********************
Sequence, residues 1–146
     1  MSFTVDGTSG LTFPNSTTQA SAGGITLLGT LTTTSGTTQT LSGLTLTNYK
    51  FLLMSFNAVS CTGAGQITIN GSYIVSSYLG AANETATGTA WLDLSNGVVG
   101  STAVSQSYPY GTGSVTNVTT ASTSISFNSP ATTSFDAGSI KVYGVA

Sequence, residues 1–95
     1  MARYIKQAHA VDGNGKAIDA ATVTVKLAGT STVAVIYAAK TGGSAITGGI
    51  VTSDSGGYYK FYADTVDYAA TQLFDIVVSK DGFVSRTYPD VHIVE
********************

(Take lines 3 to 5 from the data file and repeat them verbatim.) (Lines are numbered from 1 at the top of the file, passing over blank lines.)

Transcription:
    51  FLLMSFNAVS CTGAGQITIN GSYIVSSYLG AANETATGTA WLDLSNGVVG
   101  STAVSQSYPY GTGSVTNVTT ASTSISFNSP ATTSFDAGSI KVYGVA

Sequence, residues 1–95